ETF Complete Strategy Insights: How to Follow the ETF Models (Part 4)

James Kimball | June 16, 2019

The ETF Complete model closed the week up +0.4% compared to the SPY which closed up +0.6%.

Coming off the heels of a large move the prior week and gap higher to start the week, markets largely went sideways and closed lower than it opened the week. The SPY is only a few percent off its all-time high.

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This Week's Strategy Lesson: How to Follow the ETF Models (Part 4)


We have spent the last few weeks going through how to start a portfolio and various issues related to following along with the models. Last week we did an extensive walk-through of all the decisions, calculations, and actions you would have needed to make during a 2-month period following the models. In the last two parts of this series, we will look at some considerations regarding timing the models.

Its always easy to look at a stock chart and imagine you would have been able to recognize at the time that that low would actually hold or that peak high was the absolute best time to sell. In real life, its not so easy. There are guides and strategies we can use to help us draw conclusions, but we never know for certain what the future holds.


The chart above shows the SPY from early 2007 through 2010. The red lines show sample negative 12-month return periods while the green lines show some sample positive 12-month return periods. There was an 18-month period starting in March 2007 through late 2008 where it didn’t matter when you got in or at what price, your 12-month holding period return for the SPY would be negative.

At some point late in 2008, that flipped due to the dramatic reversal off the March 2009 lows. Although a position entered in November 2008 would have been positive if held through November 2009, you would still have had to sit through a big decline of almost 30% before it reversed (which shows some of the limitations of this statistic). Of course, most periods in our model samples weren’t quite as extreme as 2008, but the example above easily demonstrates the calculation.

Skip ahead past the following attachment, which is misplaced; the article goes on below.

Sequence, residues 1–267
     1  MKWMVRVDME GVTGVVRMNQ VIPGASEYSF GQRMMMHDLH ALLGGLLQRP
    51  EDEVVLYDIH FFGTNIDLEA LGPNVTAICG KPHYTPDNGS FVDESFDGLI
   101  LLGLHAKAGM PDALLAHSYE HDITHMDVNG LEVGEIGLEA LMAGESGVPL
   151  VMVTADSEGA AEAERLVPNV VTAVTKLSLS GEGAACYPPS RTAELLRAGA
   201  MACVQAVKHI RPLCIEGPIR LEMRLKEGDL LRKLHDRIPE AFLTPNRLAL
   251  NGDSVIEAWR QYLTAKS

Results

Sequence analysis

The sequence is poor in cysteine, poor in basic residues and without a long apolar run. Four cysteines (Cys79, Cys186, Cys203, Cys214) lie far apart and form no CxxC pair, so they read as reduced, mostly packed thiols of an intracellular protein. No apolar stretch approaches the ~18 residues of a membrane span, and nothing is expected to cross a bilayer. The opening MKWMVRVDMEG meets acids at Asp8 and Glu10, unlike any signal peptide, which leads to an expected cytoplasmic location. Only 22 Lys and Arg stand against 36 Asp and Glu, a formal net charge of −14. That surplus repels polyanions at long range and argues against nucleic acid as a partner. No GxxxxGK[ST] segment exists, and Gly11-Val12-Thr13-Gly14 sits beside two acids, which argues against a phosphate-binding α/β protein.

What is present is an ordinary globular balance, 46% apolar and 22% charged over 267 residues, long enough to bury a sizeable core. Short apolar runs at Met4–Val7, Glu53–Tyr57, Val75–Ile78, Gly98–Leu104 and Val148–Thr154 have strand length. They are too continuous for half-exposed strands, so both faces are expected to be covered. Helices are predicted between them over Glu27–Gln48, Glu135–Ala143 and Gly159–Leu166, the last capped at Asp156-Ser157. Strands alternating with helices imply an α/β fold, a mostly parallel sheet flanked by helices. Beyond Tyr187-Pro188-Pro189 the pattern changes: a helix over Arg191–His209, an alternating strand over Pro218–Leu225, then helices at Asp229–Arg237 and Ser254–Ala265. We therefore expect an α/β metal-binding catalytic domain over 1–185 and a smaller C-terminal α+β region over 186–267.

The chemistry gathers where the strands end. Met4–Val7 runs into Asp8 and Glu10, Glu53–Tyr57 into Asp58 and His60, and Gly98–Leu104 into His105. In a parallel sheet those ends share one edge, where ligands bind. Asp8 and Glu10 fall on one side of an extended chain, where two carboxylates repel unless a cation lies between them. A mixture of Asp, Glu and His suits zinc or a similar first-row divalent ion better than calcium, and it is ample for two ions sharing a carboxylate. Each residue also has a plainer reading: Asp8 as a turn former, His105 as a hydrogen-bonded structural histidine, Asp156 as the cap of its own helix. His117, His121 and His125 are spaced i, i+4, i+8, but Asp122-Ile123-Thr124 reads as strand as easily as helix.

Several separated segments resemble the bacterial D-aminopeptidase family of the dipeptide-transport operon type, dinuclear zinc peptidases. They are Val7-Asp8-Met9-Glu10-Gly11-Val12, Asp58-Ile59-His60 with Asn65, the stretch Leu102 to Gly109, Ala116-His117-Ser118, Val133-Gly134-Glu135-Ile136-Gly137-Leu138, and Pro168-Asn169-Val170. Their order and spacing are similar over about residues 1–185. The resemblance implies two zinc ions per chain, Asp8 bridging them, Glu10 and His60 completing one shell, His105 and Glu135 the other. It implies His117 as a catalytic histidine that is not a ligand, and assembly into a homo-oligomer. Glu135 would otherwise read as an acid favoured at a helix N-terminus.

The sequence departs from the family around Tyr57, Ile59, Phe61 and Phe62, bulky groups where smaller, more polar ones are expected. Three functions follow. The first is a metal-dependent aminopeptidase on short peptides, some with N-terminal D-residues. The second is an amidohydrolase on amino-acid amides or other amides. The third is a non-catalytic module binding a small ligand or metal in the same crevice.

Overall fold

The table above shows the odds of achieving a positive return over any 6 and 12 month time periods if you started an ETF portfolio or bought the SPY during any random week between 2007 and the recent 12-month periods available. The data doesn’t get into the magnitude of the gain or losses over the period or what kind of drawdown you might have had to sit through, which is important, rather it is merely asking the odds of a positive or negative return over the holding period.

Historically speaking, if you picked any week at random during the past 10 years or so, you would have had a 74% chance of a positive return 6 months out and an 87% chance of a positive return 12 months out trading the ETF Complete model. This is higher than the 66% and 74% chances respectively for holding the SPY over 6 and 12 month periods (note that the SPY is also greater than 50% showing that there is also some positive bias in the broader market over the last 10 years, though the ETF models all have a stronger bias than the market).

The high odds of a positive outcome when randomly choosing when to start a portfolio should be reassuring. Profitable trading of the ETF models doesn’t rely on perfect market timing or good luck. But there are still more layers. What if the model just put in a new high or is coming off a period of weakness? Next week we will wrap up this series looking at the performance differences coming off these levels.